a.    Buildings
b.    Utilities
c.    Transportation and road infrastructure

However, over the years the city of Chandigarh has instead of becoming ‘Smart’ and more sustainable, it has degraded and is now far from meeting those basic requirements that it was planned for. 

In Indian scenario, the first step towards becoming ‘Smart’ would be to ensure basic infrastructure requirements in sustainable model. Once this has been achieved, then the city infrastructure would have the scope for integration of information technology in infrastructure provisioning and management so that the infrastructure becomes more manageable, optimized and sustainable in terms of its usage, provisioning and scaling. 

In Indian context, the core infrastructure elements in a smart city would include:

  1. adequate water supply, assured electricity supply
  2. sanitation, including solid waste management
  3. efficient urban mobility and public transport
  4. affordable housing, especially for the poor
  5. robust IT connectivity and digitalization
  6. good governance, especially eGovernance and citizen participation
  7. sustainable environment
  8. safety and security of citizens, particularly women, children and the elderly
  9. health and education

Whereas, though in India the journey towards ‘Smart’ is just beginning, many cities in the world have done quite a lot and quite successfully. The top five Smart Cities in the world are Barcelona in Spain, London in UK, New York in USA, Singapore and Nice in France.

So what makes them the smart? According to Juniper research, a leading consulting firm, each one of them has variations in smartness on various fronts. So, while Barcelona boasts of smart grids, Singapore boasts of smart traffic. A smart grid is an electrical grid which includes a variety of operational and control measures including smart meters, smart appliances, renewable energy resources, etc. Electronic power conditioning, control of the production and software controlled distribution are important aspects of the smart grid.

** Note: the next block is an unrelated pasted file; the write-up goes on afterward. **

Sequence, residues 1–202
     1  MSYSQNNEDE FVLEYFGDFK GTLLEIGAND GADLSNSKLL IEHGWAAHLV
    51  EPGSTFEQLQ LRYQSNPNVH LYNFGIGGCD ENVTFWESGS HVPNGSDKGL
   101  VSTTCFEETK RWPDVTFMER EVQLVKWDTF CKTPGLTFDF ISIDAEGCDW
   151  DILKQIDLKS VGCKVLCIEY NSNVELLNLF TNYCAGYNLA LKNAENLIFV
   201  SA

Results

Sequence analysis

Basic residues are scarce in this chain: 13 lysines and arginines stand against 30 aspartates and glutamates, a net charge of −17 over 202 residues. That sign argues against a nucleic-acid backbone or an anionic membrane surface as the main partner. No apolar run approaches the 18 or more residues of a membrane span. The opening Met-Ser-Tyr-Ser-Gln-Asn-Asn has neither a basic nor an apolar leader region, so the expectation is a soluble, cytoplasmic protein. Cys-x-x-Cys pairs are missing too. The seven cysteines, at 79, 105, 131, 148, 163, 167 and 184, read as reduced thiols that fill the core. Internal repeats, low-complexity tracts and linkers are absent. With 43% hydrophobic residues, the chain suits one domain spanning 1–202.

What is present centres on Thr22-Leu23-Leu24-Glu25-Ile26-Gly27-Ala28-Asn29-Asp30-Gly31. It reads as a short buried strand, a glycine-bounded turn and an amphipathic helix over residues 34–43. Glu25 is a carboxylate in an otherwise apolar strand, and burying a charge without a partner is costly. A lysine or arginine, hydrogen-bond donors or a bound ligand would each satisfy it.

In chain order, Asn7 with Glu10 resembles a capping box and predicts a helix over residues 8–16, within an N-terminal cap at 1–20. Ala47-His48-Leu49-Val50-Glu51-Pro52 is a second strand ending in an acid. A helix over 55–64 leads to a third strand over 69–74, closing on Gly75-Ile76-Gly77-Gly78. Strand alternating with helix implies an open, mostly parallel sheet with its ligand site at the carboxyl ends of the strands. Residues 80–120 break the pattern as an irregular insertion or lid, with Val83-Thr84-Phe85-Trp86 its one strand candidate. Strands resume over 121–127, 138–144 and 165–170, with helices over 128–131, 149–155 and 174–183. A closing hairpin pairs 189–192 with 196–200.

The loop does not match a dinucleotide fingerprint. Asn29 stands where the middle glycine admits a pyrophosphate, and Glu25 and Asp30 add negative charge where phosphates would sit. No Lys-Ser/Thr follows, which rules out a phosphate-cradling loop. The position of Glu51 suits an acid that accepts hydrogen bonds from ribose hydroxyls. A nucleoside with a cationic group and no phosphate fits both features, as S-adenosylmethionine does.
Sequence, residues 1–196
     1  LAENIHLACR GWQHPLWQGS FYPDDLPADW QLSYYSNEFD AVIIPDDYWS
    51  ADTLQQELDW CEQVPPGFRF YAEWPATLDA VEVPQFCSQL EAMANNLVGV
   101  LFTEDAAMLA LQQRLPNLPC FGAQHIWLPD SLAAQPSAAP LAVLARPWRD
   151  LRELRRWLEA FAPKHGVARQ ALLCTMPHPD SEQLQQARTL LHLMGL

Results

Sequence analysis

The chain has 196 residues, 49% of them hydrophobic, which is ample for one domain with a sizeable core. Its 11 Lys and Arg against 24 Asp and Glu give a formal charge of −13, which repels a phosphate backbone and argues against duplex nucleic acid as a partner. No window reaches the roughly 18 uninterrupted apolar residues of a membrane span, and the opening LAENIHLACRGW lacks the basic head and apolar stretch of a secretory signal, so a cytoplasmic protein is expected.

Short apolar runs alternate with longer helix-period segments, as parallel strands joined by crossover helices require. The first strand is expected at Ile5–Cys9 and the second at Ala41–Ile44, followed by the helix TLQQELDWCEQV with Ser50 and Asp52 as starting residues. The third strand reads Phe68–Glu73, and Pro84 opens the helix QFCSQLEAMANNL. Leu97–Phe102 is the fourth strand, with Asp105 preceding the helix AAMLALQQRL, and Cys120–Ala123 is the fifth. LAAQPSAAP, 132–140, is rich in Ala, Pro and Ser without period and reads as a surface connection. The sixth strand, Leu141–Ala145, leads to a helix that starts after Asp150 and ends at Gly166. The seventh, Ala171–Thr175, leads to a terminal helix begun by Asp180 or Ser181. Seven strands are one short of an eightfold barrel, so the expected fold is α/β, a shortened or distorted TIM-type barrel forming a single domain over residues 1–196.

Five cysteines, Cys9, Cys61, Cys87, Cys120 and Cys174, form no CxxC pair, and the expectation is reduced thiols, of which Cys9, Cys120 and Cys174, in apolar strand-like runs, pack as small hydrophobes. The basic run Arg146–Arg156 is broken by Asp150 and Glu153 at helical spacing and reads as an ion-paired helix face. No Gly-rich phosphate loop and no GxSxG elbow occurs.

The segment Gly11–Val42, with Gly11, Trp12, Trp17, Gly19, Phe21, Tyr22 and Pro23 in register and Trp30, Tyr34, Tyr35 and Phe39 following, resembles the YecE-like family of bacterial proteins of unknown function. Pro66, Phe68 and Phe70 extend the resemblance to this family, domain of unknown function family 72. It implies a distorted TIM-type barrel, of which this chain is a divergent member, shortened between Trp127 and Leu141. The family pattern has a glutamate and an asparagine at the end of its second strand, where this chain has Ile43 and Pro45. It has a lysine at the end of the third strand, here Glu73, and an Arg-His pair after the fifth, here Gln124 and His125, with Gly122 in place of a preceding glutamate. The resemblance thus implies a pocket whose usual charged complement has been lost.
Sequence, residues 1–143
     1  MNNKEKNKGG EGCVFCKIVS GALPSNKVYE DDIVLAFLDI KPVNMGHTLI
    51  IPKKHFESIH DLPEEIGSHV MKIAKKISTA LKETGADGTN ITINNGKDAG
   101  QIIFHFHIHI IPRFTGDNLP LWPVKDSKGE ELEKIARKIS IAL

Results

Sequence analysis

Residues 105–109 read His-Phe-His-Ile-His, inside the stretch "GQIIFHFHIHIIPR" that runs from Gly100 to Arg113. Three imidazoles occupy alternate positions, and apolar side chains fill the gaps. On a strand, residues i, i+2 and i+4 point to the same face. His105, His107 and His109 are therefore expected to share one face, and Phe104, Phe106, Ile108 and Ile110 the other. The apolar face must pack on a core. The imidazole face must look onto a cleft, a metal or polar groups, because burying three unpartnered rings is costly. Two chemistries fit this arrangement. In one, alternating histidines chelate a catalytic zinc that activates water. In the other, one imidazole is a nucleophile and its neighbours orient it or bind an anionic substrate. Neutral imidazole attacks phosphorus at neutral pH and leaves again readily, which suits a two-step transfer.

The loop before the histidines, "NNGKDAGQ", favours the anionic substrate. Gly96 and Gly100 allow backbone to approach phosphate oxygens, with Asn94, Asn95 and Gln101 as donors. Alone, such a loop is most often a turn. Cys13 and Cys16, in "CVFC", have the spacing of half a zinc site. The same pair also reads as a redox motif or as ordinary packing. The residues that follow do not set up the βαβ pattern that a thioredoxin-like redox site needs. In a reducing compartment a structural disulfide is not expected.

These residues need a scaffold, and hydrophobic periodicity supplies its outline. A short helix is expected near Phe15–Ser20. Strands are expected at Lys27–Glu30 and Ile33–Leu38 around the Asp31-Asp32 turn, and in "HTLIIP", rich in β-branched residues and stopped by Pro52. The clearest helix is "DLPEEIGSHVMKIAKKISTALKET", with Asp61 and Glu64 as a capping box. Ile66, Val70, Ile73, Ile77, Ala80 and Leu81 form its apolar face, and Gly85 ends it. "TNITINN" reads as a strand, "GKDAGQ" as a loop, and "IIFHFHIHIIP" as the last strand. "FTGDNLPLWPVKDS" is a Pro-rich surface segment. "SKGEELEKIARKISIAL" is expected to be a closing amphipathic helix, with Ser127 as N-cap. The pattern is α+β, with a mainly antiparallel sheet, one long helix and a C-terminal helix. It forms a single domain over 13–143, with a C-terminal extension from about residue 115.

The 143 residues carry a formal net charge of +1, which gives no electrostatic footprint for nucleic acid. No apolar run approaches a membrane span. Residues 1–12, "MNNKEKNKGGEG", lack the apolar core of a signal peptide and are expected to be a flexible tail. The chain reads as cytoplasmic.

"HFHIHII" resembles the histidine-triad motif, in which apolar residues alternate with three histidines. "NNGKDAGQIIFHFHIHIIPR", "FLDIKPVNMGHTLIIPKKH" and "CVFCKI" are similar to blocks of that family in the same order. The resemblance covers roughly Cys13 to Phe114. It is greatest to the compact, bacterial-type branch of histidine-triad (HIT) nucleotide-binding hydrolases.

In India, the term ‘Smart City’ is in vogue after NDA government took over. This special focus is because urban population is expected to jump to 50 % by 2030. This calls for a robust core infrastructure, that is why the Government has allocated an outlay of Rs 98,000 crore and launched three Mega Urban Schemes in India, namely 100 Smart Cities India, “Atal Mission for Urban Rejuvenation and Transformation” (AMRUT) and “Housing For All 2022”. 

The smart cities envisioned to come up over the next few years would be looking at meeting the requirements of its citizens in a manner that would facilitate overall improvement in quality of life by provisioning of affordable housing, efficient transportation, safety and security, health and education and robust IT connectivity and management of the basic core infrastructure, which includes assured power and water, sanitation and sewage and solid waste management systems to ensure sustainable environment and good governance along with citizen participation.

What cities will become ‘Smart’?
  • Each state has shortlist a certain number of smart city aspirants as per the norms, and has prepared smart city proposals for further evaluation for Central support. States will have the flexibility of designing schemes based on the needs of identified smart cities, and in their execution and monitoring.